M.C. Matteucci, D. Guglielmi

University of Bologna (ITALY)
Introduction. Over the past twenty years, educational policies across Western countries have focused on improving the quality of education, placing new demands on teachers, increasing their responsibilities and widening their duties. As a consequence, increasing attention has been placed on teachers’ changing professional role, including their formal level of accountability. Recent research has begun to focus on the link between teachers’ responsibility and their behavioral, motivational and emotional correlates [1,2]. In a recent work [3] responsibility emerged as strongly related to the engagement dimension in teachers who are starting their career. However, the teacher sense of personal responsibility remains a less studied variable, especially concerning its impact on work engagement. Aim. This study was designed to explore the influence of teachers’ beliefs about their personal responsibilities and of contextual and personal variables that are conceptually linked to teachers’ responsibility (including school climate, implicit theories of intelligence, motivations for having chosen teaching as a career, perceptions about the profession, self-efficacy beliefs), on work engagement, in a sample of Italian teachers. Method. Participants were 293 high-schools Italian teachers. They completed an online questionnaire including the following scales: Factors Influencing Teaching Choice Scale; Teacher Responsibility Scale; Revised-School-Level Environment Questionnaire; Theories of Intelligence Scale. For the purpose of exploring variables influencing teachers’ work engagement, linear statistical regression analyses were conducted. An ANOVA was utilized in order to examine whether motivations for having chosen a teaching career influence the teachers’ work engagement and their sense of responsibility.

Results. The one-way ANOVA revealed a significant effect of the participants’ motivations for the choice of teaching as career both on the degree of work engagement and on teachers’ perceived responsibility score. As expected, the Bonferroni post-hoc comparisons revealed that the teachers who declared that teaching was absolutely their first-choice career obtained significantly higher values on the responsibility and on the work engagement scale scores.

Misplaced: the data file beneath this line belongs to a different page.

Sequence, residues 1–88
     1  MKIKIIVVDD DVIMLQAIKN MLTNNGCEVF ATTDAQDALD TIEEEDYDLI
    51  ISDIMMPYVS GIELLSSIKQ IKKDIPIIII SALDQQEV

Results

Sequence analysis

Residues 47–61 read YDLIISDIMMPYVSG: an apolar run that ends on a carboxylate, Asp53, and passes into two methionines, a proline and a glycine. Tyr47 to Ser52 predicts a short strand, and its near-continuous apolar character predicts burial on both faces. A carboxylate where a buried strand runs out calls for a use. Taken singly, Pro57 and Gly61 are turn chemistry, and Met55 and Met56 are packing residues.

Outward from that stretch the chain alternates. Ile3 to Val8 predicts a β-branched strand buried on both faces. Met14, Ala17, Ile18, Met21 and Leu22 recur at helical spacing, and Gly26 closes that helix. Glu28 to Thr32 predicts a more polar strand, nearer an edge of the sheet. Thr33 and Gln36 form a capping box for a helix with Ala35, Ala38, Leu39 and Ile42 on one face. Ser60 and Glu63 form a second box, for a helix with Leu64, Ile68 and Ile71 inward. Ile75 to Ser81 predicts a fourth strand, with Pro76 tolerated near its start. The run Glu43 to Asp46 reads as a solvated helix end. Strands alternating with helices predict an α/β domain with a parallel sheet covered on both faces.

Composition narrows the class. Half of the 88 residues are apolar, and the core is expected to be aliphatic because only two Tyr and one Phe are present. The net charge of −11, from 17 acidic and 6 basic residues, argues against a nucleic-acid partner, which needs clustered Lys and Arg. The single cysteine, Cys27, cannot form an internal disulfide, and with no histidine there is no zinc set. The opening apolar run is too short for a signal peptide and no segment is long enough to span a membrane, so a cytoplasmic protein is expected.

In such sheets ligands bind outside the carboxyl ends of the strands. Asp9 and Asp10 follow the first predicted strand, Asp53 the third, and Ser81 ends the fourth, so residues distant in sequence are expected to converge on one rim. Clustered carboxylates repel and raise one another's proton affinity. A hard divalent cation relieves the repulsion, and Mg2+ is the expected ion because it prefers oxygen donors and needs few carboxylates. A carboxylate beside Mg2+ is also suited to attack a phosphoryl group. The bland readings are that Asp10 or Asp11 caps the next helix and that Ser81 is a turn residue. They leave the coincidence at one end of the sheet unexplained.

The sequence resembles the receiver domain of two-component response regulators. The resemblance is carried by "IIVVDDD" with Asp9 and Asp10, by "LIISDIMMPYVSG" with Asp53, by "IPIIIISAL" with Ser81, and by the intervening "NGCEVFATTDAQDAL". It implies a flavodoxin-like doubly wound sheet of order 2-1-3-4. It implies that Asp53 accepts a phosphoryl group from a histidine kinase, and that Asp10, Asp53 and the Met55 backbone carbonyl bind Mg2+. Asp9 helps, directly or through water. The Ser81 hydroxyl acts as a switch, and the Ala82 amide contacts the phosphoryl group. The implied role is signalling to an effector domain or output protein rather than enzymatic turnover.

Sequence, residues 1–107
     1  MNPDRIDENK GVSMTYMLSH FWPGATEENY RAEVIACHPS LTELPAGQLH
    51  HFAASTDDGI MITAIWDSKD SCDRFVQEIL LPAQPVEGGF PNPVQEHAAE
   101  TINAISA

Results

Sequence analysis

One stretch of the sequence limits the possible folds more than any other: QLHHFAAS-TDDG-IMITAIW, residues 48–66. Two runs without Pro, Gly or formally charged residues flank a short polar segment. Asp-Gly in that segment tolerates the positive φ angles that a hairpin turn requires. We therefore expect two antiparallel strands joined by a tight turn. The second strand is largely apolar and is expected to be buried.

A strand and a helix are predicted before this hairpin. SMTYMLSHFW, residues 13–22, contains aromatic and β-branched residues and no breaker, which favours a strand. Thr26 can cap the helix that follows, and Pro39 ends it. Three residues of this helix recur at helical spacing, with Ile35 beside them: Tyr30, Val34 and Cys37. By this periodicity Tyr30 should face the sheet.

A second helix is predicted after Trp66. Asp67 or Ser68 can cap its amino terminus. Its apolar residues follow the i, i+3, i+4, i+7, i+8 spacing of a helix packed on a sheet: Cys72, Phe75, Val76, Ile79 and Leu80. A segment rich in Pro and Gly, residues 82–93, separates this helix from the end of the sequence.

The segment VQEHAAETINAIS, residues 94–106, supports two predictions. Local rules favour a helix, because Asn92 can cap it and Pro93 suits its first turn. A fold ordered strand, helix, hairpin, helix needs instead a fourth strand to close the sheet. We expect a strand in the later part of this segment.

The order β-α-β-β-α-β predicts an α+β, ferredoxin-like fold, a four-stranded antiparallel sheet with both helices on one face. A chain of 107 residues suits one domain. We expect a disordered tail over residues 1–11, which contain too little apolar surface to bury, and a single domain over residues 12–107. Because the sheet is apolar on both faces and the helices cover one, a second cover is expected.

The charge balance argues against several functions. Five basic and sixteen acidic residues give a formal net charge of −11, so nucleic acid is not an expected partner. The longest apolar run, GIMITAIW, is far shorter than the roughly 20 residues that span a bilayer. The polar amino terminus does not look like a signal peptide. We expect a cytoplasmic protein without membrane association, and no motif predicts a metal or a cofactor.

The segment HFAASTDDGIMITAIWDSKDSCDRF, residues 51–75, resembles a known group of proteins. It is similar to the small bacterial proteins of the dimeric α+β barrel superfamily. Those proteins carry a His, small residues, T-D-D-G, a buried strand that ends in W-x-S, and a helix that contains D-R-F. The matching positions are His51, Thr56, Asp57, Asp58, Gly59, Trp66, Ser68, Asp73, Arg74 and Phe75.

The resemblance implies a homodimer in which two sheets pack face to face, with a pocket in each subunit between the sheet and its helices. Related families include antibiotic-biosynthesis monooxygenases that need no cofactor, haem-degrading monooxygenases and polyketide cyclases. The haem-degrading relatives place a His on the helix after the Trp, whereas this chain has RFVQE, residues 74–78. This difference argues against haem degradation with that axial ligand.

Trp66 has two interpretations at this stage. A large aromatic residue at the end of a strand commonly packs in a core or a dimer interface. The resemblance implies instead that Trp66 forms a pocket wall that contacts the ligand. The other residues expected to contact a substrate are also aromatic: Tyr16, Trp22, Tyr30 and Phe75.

Multiple regression results showed that the teachers’ work engagement is affected by the perceived responsibility of teachers for positive outcomes (e.g. student motivation and achievement) and by the teachers’ career–choice satisfaction, as well as by a perceived school positive climate concerning the relationships with students. Implications for practice will be discussed.

[1] Lauermann, F., & Karabenick, S.A. (2013). The meaning and measure of teachers’ sense of responsibility for educational outcomes. Teaching and Teacher Education, 30, 13-26.
[2] Matteucci, M.C. & Guglielmi, D. (2013). Teachers’ sense of responsibility and its correlates on a sample of Italian high-school teachers. Paper presented to the15th Biennal EARLI Conference "Responsible teaching and sustainable learning" , Munich (DE), 27-31 August 2013.
[3] Guglielmi, D., et al. (2011). Motivational drivers and work engagement among teachers: Can age play a role? Paper presented to the EAWOP Small Group Meeting, "Age Cohorts in the Workplace: Understanding and Building Strength through Differences", Rovereto (IT), 11-13 November 2011.